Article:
by Morgan Demm
12th grade, Mount Olive High School
Teacher: Mr. Christopher Murphy
Honorable-mention prize: $50
Rory’s Saturday morning started early as he had to prepare signs for the school’s fall festival later that night. He sat in a chair on the patio in his backyard, procrastinating. Just his luck, to be stuck with last-minute additions to the biology club’s booth without any warning. But Rory was complacent, for he was an underclassman, and therefore outranked when it came to the biology club’s decisions. The short end of the stick, the only end that Rory had seen in his freshman year of high school, had led him to hand-making cutouts of common insects. And while he appreciated the sentiment from his seniors to allow him to indulge in his love for entomology, he would rather have been stung by a thousand bees than make these forsaken signs.
Rory blew a short breath from his nose as he sat up from his seat to begin sketching a cartoonish bee onto a large piece of scrap cardboard. And after erasing a few lines, and getting a good curve on the abdomen, he decided it was time to cut these darn bugs loose from their cardboard confines. Rory grabbed the sharp boxcutter that his father told him to use, as it would “work better than those crappy old scissors in the kitchen drawer.” With a reckless move, as he was eager to be done with these signs and to have time to himself, he swiftly began cutting away at the cardboard.
Rory was successful with his bee, ladybug, and dragonfly signs before his luck ran out. His hand was placed a little too close to where he was cutting, and as a result he cut open the meaty part of his left thumb, near his palm. Rory yanked the boxcutter away from his hand after cutting it, but it was already bleeding from its shallow opening. Startled, Rory dropped the sign to the ground and pressed his right hand over his left, fingers wrapped around his wounded thumb. He sucked air through his teeth, a stinging pain coming too soon, and he let the blood drip from his hand to the concrete pavers of his patio.
To Rory it wasn’t a serious cut, so he decided to wait for the pain to subside. While he sat gripping his bleeding thumb, he caught the familiar flutter of a bug in his peripheral vision. He zeroed in on a red butterfly lazily gliding around the yard, near the flower planters. Curiously, the species was one Rory had never seen before in the area. In fact, Rory didn’t have any recollection of a butterfly like this existing. He was fascinated by it as it swooped and landed on the ground near him. It crawled closer, and to Rory’s horror, closer to the blood spots he’d left on the pavement. Rory could not take his eyes off of this gorgeously crimson butterfly, its wings a span of scarlet to a light rosy tint, the veins glowing a vibrant red. He watched, amazed, as the butterfly’s proboscis uncurled to sip the blood. Its wings fluttered before it took off and flapped away from him, leaving a blood stain on his patio. And Rory sat there with his thumb pulsing in pain, wondering how he was lucky enough to witness this strange butterfly. Unfortunately, the signs weren’t going to make themselves, so he pushed himself to his feet and went inside to treat his cut before he continued his sign-making.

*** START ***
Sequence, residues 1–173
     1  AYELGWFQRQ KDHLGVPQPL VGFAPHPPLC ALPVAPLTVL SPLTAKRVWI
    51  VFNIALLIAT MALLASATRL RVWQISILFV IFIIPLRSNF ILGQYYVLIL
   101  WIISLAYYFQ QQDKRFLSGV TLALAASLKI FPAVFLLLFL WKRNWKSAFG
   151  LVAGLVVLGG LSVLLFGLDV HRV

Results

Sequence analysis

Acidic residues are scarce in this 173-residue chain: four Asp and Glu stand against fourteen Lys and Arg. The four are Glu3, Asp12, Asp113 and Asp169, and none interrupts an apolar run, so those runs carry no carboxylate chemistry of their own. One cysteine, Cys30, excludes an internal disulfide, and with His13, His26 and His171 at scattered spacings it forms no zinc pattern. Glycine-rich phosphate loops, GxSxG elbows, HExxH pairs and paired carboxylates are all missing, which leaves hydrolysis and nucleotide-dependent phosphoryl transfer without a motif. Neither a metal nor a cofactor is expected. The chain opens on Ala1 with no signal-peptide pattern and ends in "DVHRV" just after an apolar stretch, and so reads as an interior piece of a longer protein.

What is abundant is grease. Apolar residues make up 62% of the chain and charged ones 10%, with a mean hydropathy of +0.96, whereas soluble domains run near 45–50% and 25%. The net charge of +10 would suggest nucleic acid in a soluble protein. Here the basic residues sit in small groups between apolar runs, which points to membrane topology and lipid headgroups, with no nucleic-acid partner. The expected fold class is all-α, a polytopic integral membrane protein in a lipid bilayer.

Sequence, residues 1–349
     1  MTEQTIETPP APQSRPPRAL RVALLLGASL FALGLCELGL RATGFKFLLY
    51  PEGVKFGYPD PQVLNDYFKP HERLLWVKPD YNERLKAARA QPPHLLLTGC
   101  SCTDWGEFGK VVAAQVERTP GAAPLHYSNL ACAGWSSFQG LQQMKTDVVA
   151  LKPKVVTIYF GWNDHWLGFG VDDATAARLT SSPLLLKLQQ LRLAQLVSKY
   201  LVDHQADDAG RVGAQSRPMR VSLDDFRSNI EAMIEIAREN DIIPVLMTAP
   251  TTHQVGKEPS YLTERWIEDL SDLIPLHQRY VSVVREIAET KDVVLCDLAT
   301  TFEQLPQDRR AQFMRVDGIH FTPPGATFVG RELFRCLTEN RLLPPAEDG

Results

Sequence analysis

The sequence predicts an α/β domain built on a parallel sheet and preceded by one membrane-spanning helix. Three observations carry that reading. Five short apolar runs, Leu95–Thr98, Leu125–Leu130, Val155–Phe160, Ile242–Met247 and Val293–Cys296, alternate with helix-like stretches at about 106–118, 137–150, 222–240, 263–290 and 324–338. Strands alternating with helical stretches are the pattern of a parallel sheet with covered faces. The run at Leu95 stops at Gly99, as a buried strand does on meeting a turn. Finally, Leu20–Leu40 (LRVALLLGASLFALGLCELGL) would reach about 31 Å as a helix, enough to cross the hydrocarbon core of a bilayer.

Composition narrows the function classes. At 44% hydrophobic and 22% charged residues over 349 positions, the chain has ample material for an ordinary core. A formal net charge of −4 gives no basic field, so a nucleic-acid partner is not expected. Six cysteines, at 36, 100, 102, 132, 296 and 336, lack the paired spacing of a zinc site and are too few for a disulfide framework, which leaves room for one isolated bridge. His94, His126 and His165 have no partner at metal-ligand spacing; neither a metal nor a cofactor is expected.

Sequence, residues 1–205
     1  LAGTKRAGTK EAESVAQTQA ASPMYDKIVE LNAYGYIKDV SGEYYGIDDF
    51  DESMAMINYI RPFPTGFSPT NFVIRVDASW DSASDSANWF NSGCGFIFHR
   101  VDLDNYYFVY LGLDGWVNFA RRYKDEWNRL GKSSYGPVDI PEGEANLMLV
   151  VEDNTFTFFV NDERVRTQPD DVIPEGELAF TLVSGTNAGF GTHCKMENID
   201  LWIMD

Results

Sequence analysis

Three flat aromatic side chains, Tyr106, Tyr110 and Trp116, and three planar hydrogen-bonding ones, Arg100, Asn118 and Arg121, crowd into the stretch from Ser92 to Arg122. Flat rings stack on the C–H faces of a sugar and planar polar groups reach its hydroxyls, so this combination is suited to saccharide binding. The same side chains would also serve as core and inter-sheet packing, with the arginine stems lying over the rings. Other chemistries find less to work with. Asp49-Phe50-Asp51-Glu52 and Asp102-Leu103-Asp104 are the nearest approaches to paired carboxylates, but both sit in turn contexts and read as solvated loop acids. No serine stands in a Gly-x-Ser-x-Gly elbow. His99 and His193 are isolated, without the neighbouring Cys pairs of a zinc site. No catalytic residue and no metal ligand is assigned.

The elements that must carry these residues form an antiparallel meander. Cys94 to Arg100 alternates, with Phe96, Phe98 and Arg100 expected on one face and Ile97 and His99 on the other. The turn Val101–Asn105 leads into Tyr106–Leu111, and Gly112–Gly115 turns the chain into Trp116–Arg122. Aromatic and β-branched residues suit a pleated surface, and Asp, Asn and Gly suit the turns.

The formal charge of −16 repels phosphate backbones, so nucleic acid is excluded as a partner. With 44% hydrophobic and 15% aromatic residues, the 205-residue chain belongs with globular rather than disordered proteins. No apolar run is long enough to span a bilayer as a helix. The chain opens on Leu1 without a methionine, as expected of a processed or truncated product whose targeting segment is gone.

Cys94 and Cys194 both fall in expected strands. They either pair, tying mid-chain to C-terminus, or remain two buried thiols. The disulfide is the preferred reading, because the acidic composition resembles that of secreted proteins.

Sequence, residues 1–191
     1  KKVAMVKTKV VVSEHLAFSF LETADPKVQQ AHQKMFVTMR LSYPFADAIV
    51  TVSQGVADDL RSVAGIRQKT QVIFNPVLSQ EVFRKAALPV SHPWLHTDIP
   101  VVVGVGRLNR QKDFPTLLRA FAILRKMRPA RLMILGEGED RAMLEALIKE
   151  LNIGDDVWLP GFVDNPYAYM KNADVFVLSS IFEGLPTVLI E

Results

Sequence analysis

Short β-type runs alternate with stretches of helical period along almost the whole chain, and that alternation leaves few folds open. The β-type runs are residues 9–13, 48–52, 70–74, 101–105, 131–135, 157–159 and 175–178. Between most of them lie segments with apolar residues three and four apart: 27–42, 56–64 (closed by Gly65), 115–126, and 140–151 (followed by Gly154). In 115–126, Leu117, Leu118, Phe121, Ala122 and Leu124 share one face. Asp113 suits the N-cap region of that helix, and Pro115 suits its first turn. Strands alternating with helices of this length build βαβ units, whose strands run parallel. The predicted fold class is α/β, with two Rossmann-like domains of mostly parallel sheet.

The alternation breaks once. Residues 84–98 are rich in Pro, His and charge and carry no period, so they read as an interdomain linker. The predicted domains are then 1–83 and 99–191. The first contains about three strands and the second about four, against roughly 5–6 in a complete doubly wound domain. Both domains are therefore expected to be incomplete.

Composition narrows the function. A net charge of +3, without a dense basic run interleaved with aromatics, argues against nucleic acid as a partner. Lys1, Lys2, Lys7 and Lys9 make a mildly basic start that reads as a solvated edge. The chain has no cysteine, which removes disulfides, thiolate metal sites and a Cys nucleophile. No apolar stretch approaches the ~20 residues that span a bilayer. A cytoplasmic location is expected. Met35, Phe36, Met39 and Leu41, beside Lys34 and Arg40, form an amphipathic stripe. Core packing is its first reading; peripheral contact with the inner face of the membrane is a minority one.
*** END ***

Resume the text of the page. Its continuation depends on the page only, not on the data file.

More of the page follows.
Just before the hour of the festival rolled around and before the sun began to set, Rory finished taping up his bug cutouts to the outer parts of the biology club’s booth. He pressed down on the bugs with his bandaged left hand and stepped back to view his handiwork. For a last-minute craft, he thought the bugs looked great! With a small smile, Rory hid the tape in his bag under the table and sat in one of the metal folding chairs, by himself, to wait for the start of the event. A small stream of people walked through the aisles of booths; he saw mothers pushing babies in their strollers and fathers lifting their children high up to their shoulders. The sound of a dog barking drew his eyes to the left, where a yellow lab was barking at…? Rory was not sure, but from his seat, it looked like the butterfly he’d seen before. The dog swatted its paw at the bug, and after squinting, Rory was sure it was the same butterfly. Rory saw another to the side of him but he lost sight of the bug before another crawled on the sign of the book club’s booth. It seemed that every time he shifted his eyes, there was a person swatting at the butterflies, like they were pesky flies. He frowned. Rory didn’t like seeing any bug, let alone these new butterflies, being hurt in front of him. Rory watched a teenager step on one that had landed on the ground, and when their sneaker lifted up, a blood-red stain and its mangled corpse was left behind.
What drew Rory’s eyes next was the sunset, the sky was red. A red that stopped game booths from declaring winners and paused any worker from handing out prizes. It was a red that sucked the joyous mood from the festival. A red that glowed, it seeped into the air and froze everyone, everything, in their place. Through the lines of trees and from the skies, Rory heard them first. Others all around him turned their heads too. It was the flapping of hundreds of wings, and then he saw red approaching from within the forest. He became enraptured in the red beauty surrounding him, eyes staring unblinking in a state of awe. And then he, and all those around him, were overwhelmed by the Swarm. The crowd’s eyes and the screams from their lungs, it was all so gorgeously red.
Linda L. Hellstrom, Founder
Wendy Supron, Chair
Elizabeth K. Parker
Diane Naughton Washburne